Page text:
When one thinks and talks about India, it is hard not to talk about caste. In both academic and colloquial language, caste has become a symbol of India, fundamentally distinguishing it from other cultures and expressing its individual essence.
Caste is as much a fundamental expression of Indian tradition as it is a product of the particular encounter between India and the British system of colonial rule. Under British rule, caste was the term capable of naming and subsuming the various forms of social identity and organization in India.
Origin and essence of castes
Caste in the sense of descent was originally understood as pure breed. The word is of Portuguese origin and is used to refer to different communities.
This general name for social groups in Indian society is characterized by endogamy (the rule of marrying only within a certain ethnicity or class).
Originally, the term caste was applied to the class-racial groups in the Latin American colonies. Later, by analogy, it spread to a similar phenomenon in India and since then it has been used mainly in reference to the Indian varna and jati.
Latin American castes were based mainly on visual differences, while Indian castes were strictly demarcated and mixing was restricted.
It is known from the earliest works of Sanskrit literature that the people who spoke Aryan dialects at the time of the initial settlement of India, around 1500 to 1200 BC, were already divided into 4 main classes, later called varna, from the Sanskrit word meaning color.
Characteristics of Major Castes in India
The main castes in India are 4. Hindus believe in reincarnation and believe that one who follows the rules of his caste will in their next life rise by birth to a higher caste and one who violates these rules will lose their social status.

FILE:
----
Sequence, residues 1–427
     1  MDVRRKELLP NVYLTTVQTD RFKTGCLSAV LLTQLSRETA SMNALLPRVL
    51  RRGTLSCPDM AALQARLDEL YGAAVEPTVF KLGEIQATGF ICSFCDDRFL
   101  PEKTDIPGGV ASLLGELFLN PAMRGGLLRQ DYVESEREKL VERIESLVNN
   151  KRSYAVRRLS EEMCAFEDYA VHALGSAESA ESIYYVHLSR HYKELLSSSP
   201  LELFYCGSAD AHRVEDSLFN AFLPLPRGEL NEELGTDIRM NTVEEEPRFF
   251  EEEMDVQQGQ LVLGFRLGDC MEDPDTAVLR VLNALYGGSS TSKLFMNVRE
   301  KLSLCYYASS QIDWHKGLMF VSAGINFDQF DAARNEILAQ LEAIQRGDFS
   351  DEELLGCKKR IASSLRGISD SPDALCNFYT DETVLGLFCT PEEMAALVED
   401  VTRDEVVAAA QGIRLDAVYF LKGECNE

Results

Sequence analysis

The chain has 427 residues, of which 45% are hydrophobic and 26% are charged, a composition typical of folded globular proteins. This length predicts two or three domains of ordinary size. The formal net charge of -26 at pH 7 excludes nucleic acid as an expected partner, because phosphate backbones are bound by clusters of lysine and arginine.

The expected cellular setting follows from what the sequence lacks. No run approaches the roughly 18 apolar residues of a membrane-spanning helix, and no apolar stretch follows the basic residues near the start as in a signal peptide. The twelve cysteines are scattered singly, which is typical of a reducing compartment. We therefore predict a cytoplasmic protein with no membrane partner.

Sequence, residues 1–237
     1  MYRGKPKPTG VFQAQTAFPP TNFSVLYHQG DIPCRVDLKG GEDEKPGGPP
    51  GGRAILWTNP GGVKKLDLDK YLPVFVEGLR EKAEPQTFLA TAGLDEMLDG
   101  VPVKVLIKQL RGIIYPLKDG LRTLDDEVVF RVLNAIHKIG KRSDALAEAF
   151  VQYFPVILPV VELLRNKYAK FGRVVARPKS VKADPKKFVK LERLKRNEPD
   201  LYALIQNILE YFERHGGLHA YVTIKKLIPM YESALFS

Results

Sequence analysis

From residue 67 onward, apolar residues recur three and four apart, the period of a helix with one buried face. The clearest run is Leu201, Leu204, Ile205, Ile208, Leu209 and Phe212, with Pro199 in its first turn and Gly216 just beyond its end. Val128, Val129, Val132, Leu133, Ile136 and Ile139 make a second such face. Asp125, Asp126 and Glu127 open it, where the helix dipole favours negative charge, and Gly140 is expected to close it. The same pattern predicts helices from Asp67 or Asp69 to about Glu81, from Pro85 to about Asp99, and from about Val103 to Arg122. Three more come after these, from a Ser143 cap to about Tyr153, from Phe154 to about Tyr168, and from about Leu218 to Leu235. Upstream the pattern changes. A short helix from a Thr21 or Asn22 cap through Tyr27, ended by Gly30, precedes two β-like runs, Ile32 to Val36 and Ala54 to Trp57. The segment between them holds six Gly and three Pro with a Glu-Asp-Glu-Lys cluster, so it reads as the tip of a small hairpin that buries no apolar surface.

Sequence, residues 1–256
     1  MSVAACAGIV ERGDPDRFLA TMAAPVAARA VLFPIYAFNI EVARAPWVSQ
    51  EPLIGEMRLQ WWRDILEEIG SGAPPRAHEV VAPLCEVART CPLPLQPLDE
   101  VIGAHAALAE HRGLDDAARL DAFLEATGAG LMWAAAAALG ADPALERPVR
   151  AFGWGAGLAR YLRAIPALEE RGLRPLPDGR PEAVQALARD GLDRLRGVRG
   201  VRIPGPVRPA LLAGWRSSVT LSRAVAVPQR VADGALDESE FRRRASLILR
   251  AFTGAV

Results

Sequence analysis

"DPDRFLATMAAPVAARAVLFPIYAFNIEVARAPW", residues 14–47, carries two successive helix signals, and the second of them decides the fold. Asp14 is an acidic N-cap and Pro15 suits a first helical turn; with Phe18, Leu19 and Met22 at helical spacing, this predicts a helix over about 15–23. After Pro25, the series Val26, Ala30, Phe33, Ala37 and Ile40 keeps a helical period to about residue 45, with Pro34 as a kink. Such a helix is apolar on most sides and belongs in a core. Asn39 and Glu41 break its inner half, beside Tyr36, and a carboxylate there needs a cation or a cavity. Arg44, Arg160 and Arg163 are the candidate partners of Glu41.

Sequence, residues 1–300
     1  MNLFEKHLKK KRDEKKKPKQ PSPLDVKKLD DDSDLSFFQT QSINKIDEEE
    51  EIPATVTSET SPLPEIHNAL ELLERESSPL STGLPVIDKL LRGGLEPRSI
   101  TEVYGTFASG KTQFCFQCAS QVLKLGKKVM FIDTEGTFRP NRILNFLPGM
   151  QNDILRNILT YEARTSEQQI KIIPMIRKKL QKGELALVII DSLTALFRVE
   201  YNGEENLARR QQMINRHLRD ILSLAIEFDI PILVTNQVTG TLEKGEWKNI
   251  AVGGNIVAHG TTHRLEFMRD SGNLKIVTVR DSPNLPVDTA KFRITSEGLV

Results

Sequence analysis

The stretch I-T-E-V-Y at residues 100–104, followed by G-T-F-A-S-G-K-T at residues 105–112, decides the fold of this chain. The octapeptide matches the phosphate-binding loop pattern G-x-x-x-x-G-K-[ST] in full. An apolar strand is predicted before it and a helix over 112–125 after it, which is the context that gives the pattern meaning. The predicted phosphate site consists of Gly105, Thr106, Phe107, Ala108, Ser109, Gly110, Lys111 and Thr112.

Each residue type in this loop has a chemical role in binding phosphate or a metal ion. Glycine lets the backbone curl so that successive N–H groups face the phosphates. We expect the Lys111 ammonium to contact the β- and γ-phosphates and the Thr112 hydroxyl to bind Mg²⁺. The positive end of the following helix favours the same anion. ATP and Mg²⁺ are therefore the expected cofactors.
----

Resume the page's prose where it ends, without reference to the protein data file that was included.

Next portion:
Neither the Muslim invasion that led to the establishment of the Mughal state, nor British colonial rule, managed to influence this division in society. Each caste is assigned a strictly defined function in society.
The four main castes are subdivided into numerous subcastes-jati, totaling about 33 groups. The entire caste system, called varna, is believed to have been created by the god Brahma, who also created the world.
Traditions, rites, clothing, ornaments and belongings indicate caste membership among Hindus.
The highest caste is called Brahmins. Their original name of purohita and by it they name the class of priests. Authors of the prayers and hymns collected in the Vedas are the work of this caste.
The old religious tests were passed down from father to son and were reserved only for Brahmins. People considered them to be the link between the gods and the people. This class jealously guarded its inviolability and remained highly restricted and closed. Every brahmin chose a wife only from his caste. Their sons also became priests and performed prayers, sacrifices. Every brahmin was born in a family of brahmins.
The main value for them is spiritual and physical purity, which they carefully took care of. They also performed other rites - they did not consume anything that was alive, including plant products.
Dirty work is out of the question for any Brahmin, it is for the lower castes. They cannot eat food prepared by other castes, they accept gifts, but they themselves do not give gifts to other castes.
An interesting point in the life of Brahmins is their clothing. It is white because it symbolizes the spiritual and bodily purity of the Brahmin. On his head he must wear a special ritual mark called a tilak. It also shows the religious stream to which the Brahmin belongs.